ST. PAUL, Minn. (AP) — Minnesota lawmakers are trying to get their hands around skyrocketing drug costs and the complex pharmaceutical industry that sets the prices.
Several bills are in motion to tackle problems from anti-price gouging efforts to new reporting requirements for drug companies when prices spike. Nearly all those bills have been tucked into House and Senate budget bills and are heading into the final negotiations of the 2019 session, Minnesota Public Radio reported Thursday.
The bipartisan push has been fueled by personal stories from Minnesota residents. Nicole Smith-Holt has been a regular around the Capitol, talking about her son Alec Smith, a diabetic who died at age 26 because he was rationing insulin that he couldn't afford. Legislators keep his photo in their wallets and on their desks. Both the House and Senate health and human services budgets include assistance for emergency insulin supplies but their different approaches need to be reconciled.
"It's an honor, it feels good," she said. "It feels like Alec is motivating these people to do good."
Before heading into negotiations last week, Sen. Michelle Benson recalled hearing about a new wonder drug that could potentially cure spinal muscular atrophy — a crippling and often fatal disease in babies. But it could cost $2 million a dose.
"These are the debates that we end up having as policymakers: Who pays for that?" said Benson, a Ham Lake Republican who chairs the Senate Health and Human Services Finance Committee. "The miracles that are created in the pharmaceutical industry, we celebrate, but they also need to treat consumers fairly."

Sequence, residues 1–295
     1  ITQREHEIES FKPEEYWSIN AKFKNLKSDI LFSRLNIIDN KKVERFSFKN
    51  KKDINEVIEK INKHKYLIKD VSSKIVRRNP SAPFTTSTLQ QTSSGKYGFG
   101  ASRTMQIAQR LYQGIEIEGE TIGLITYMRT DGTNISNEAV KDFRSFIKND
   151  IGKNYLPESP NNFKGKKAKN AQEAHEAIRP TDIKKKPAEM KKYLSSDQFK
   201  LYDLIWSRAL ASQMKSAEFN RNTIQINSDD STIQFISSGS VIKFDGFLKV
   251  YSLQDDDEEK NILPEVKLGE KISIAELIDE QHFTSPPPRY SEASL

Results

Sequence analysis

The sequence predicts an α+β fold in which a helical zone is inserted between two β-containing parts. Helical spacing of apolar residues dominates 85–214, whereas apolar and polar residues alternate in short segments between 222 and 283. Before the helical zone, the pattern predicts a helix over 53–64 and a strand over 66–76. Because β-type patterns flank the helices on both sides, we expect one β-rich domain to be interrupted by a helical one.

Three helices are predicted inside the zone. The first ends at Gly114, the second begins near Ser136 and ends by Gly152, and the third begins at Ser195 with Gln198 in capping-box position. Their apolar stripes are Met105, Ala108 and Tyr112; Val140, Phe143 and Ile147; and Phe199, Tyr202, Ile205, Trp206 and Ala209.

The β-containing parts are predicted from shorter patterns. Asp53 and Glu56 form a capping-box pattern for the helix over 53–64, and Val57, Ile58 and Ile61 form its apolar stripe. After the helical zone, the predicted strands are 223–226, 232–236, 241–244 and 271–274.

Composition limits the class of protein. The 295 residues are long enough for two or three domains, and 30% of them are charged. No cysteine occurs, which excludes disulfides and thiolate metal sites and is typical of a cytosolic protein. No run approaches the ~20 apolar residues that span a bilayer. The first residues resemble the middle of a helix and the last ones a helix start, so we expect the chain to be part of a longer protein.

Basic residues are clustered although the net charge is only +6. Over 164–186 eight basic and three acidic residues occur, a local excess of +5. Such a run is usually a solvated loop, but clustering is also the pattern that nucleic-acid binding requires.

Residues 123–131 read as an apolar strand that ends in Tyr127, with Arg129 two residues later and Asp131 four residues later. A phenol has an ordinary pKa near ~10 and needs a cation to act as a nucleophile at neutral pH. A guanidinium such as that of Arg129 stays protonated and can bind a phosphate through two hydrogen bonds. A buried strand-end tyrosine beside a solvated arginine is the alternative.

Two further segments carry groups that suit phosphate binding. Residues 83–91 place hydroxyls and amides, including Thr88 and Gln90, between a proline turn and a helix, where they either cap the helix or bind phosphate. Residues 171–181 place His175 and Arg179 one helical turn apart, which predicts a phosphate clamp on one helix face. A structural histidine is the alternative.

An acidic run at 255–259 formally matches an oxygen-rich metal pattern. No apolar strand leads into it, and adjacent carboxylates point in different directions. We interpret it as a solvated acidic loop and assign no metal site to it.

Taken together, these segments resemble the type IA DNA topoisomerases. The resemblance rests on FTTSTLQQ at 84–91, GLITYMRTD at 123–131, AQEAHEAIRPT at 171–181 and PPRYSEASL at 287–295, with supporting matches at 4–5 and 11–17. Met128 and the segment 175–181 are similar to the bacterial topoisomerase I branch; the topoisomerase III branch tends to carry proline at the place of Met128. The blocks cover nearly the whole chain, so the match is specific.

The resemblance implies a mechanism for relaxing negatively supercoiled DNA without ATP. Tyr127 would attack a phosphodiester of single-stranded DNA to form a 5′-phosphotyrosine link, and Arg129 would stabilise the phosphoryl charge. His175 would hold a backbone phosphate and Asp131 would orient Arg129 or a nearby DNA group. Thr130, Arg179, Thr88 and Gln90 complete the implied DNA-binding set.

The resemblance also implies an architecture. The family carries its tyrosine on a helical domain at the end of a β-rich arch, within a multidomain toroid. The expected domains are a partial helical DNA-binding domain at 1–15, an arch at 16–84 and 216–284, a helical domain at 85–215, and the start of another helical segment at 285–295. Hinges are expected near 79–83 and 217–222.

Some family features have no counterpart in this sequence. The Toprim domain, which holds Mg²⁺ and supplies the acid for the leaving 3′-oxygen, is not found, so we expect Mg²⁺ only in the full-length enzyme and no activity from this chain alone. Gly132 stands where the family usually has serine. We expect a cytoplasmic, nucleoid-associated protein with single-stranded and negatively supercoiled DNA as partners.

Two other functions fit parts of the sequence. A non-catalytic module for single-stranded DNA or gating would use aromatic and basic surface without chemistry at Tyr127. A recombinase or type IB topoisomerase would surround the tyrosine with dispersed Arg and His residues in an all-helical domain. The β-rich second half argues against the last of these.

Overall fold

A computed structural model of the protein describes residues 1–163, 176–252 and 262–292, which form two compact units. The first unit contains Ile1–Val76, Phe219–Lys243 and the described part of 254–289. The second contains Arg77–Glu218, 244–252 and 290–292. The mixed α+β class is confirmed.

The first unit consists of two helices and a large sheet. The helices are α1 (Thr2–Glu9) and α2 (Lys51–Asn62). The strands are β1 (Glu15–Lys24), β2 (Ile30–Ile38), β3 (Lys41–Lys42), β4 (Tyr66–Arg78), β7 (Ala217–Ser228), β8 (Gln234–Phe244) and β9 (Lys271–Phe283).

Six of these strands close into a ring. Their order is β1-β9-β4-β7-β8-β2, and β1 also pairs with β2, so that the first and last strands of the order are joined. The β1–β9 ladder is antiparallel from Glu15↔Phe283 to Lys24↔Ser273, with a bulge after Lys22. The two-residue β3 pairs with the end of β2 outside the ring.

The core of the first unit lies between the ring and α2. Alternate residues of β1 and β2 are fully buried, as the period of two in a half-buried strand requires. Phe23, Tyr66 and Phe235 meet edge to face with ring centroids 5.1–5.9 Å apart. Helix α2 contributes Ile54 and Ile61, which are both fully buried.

It's not just the miracle drugs. The price of brand-name oral prescription drugs already on the market rose more than 9% a year between 2008 and 2016, according to a recent report in the Journal on Health Affairs, while the annual cost of injectable drugs rose more than 15%. The price of insulin doubled between 2012 and 2016, according to the Health Care Cost Institute.
Bills are also moving to regulate pharmacy benefit managers. They negotiate with drugmakers on behalf of the government and insurers, and the deals they strike determine the availability and prices of prescription drugs for more than 266 million Americans. But they do this out of view of the public and regulators, which leads to confusion about how drug prices are set.
"We have to look at every piece of the supply chain and look at what we can do," said Sen. Scott Jensen, a Chaska Republican who authored the bill and is one of a handful of physicians in the Legislature.